Walking The Heaphy Track

I stocked up on food at the grocery store and started walking out of town, eager to get to the Heaphy track, an apparently well known hike in the South Island of New Zealand close to 80 kilometers long. I hitched my first ride from a guy visiting from Cork, Ireland. We talked Guinness, Kilkenny and about our New Zealand experiences.

He dropped me off in a little beach town just south of the Abel Tasman. The water was turquoise perfect and the sand golden. I walked up the hill and started thumbing cars heading towards Abel Tasman, thinking maybe I'd go walk that track for a day or two and then go to the Heaphy. Several sporadic cars passed and something told me to just go hit the Heaphy straight away, so I walked down the hill to the other side of town and caught a quick ride from a guy with his kids heading towards Nelson, that got me to the next junction.

I then got a ride from a local couple who asked me a lot about the west coast of america, they were thinking of doing a bike trip from oregon to san francisco, I told them that was a must. My next ride was a warm couple who took me just a bit further leaving me close to a river they said would be great for camping if decided not to hitch further. I did keep hitching though, catching another short ride from a French chef who'd been living in the area for a while, but was ready to move on again, to what, he didn't know yet.

My next ride was a great one, an older man who said he was also planning on hiking the Heaphy track the following day. He'd already booked his huts along the way and planned to do it in four days, the track suggestion. Many tracks in New Zealand have huts, little places people can bunk for the night along the longer tracks. The thing with the Heaphy track, along with a handful of other popular tracks, is that you have to book these huts in advance and are not actually allowed to stay anywhere else along the track. I wasn't too into the huts, I didn't want to pay and I didn't want to stay inside anyway, I figure if I'm walking through all this wilderness I may as well be camping in it too. So in any event, I hadn't booked the huts and planned to camp out of the way without running into anyone who would give me a hard time about it.

The man said he was going to stop at a pub he really liked for a beer and that I could either join him there and he'd take me a bit further after, or I could just keep hitching. I chose beer.

He bought a couple beers, Golden Goose it was called, we sat outside in the nice place called Mussel Inn. He said he could call the lady running the campsite he was staying at and see if she'd make some room for me, but that it would probably be $10. This seemed a bit much for me, although moments earlier I was prepared to shell out six for the beer before he went ahead and bought it, I just didn't like the idea of paying to sleep on the ground. He told me to think about it, then asked if I was hungry, "always", then he went and ordered some meat pies.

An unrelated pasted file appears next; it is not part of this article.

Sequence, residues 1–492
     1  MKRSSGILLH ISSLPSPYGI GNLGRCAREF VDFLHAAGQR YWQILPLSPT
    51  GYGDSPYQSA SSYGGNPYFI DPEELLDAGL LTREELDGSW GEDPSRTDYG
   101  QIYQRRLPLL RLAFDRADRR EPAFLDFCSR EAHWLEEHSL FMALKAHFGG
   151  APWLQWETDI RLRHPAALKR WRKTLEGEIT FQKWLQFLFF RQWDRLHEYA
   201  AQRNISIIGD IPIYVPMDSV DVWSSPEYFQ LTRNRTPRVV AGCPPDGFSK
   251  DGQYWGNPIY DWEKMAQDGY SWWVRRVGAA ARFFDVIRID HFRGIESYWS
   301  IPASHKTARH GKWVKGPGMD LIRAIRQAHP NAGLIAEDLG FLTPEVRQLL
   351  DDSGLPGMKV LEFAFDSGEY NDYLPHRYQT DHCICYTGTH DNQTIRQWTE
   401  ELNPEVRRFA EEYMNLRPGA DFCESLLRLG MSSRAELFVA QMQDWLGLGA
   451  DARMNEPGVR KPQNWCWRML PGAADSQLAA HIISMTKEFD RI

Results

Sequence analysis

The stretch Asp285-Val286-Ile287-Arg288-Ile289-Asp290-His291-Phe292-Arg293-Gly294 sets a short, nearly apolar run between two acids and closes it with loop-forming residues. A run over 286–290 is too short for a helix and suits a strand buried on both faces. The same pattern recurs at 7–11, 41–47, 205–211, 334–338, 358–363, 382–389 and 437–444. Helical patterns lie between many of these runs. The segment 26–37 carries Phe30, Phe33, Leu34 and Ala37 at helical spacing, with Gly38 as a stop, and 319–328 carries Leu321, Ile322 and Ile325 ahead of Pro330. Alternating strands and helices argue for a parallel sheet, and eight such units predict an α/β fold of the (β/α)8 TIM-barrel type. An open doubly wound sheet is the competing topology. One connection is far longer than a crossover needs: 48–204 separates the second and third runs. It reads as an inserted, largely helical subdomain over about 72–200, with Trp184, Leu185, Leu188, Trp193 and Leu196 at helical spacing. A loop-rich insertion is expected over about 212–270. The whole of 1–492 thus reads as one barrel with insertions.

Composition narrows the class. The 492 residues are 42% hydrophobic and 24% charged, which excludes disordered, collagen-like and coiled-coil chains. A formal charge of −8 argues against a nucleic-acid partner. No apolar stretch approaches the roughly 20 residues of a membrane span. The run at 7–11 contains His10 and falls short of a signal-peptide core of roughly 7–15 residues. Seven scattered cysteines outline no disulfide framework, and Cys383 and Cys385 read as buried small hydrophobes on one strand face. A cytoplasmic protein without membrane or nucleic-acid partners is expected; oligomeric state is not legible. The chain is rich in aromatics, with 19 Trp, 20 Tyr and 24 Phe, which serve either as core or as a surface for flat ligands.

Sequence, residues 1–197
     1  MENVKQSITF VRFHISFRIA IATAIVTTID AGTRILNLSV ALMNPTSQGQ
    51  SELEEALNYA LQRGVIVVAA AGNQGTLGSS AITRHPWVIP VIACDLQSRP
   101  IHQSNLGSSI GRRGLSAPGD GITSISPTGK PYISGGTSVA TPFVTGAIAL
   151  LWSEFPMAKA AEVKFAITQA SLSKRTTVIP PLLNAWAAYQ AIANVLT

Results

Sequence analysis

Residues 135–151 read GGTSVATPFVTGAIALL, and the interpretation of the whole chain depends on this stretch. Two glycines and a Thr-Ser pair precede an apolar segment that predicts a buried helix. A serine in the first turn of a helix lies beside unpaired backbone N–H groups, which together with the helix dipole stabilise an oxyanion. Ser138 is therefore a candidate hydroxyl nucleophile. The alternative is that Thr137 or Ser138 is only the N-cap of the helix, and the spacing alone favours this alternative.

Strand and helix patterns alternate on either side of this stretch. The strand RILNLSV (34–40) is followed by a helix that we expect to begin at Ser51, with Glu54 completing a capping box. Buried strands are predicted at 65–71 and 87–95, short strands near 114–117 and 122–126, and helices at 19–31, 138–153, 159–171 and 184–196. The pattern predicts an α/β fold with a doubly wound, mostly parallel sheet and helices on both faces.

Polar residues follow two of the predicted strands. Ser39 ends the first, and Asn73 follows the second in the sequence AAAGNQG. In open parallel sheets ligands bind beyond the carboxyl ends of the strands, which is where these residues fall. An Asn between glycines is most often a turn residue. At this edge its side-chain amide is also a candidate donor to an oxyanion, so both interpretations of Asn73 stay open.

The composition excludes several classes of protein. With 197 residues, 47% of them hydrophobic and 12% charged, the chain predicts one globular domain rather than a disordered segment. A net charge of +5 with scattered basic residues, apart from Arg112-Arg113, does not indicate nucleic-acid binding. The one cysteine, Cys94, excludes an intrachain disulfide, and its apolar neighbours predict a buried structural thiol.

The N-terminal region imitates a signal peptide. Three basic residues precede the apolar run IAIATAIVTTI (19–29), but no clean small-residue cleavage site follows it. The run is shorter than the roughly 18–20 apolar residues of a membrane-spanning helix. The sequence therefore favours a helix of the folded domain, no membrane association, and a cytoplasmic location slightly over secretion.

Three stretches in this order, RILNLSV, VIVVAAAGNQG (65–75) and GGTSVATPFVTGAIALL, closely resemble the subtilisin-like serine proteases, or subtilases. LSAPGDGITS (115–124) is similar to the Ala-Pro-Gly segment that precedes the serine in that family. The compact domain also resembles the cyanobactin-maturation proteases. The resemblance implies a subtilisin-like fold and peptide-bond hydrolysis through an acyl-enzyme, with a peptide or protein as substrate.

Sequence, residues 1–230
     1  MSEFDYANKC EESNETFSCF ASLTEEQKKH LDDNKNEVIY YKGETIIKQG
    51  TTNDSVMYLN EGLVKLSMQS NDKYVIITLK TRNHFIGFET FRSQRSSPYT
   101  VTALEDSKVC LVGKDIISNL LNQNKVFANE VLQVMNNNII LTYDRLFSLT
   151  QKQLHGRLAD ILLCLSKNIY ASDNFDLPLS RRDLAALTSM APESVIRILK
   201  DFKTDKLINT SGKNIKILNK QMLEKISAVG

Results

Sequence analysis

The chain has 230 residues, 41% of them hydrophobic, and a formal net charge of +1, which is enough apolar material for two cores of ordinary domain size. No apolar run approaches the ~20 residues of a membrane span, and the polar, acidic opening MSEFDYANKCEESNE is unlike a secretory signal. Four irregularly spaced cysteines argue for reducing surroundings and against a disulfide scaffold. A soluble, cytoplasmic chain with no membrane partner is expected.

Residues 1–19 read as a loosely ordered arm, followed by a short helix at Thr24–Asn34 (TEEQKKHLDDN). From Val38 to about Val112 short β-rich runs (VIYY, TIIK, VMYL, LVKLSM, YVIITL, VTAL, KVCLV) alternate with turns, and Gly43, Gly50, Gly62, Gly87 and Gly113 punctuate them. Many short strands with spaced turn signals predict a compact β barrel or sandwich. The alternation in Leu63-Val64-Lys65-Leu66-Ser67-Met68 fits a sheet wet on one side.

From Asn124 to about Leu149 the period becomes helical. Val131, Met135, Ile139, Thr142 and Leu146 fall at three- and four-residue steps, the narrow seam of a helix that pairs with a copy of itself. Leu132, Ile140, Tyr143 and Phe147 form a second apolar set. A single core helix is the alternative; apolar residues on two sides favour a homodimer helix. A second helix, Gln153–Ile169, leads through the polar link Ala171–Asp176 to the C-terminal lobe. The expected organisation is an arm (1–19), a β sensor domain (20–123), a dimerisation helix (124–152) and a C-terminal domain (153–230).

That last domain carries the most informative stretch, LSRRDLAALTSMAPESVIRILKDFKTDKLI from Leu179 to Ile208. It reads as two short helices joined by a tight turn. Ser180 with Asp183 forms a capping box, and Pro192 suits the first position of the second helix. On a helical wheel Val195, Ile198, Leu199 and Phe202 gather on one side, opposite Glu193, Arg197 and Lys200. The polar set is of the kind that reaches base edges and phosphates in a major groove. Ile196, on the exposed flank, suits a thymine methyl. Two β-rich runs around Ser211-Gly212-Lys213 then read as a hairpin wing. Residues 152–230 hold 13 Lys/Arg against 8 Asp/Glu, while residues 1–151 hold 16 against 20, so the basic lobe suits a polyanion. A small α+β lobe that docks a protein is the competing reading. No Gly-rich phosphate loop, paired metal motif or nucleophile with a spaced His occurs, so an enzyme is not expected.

He went to grab a map from the car of the track for us to look at while we sat, when he came back he'd called the campsite lady, $20 was the answer and made my decision an easy one. The pies came out and some more beer, I was happy as could be munching, drinking and talking about the map. Some girls came over the man knew from somewhere and he was all smiles in a typical old man flirting style, then we were heading back for the car towards Collingwood.

His demeanor changed when we got on the road, not too much, but noticeable, "If it seems like I've been being nice to you, I have been. My daughter moved on a farm nearby, the neighbors helped her quite a bit getting things set up, especially Robert. She tried to repay them, with wine and other things.", he paused for a second, "I've been nice to you, but you don't always have to repay the person who's done something nice. I've done something nice for you, now you do something nice for somebody else. You understand me?", I nodded in agreement. This is the way the world works best, spreading the good times outward.

He dropped me off at the turn off and I got to walking, it was a ways to the next small town, and beyond that was a road that dead ended at the trailhead. A woman picked me up heading for what I think was a pub called the Naked Possum, a sign there said I was 22km away still, so I kept walking.

After a while I walked by some cows, they're all over New Zealand. These cows took notice of me and started mooing strongly, rushing up to the fence towards me. They followed me down the road, almost in a panic, some pissing, some shitting, some trying to mount others from behind. I had them in frenzy, mooing right back and gesturing with my hands to soldier on with me. They could only go as far as the next fence, mooing more as I left them behind. I remained the cow leader for a while, passing more fields of cows and getting a similar reaction.

This was all good fun, but then a car came with some younger people heading to their town, they gave me a lift a few kilometers up to the tiny town and they let me out, sort of in a chuckle. It was getting on to sunset and there wouldn't likely be anymore traffic. Fortunately there was one more car of the night, a woman who had a farm a little further up the road. She told me about her horses and how she trained them, drove me a little further past her house and let me out.

By this point I was past every farm and house, the only thing between me and the trailhead was dirt road and soon moonlight. I crossed a couple rivers that just barely poured over the road, accompanied with warning signs about high rains making the roads impassable. Well after dark I passed the third and final one (the horse woman had told me there were three), then I heard voices and I stopped in my tracks. I knew it would be the hut up ahead, I quietly turned right back around and back down the road a hair where I ditched into the woods to camp for the night. I didn't want to bother with the hut.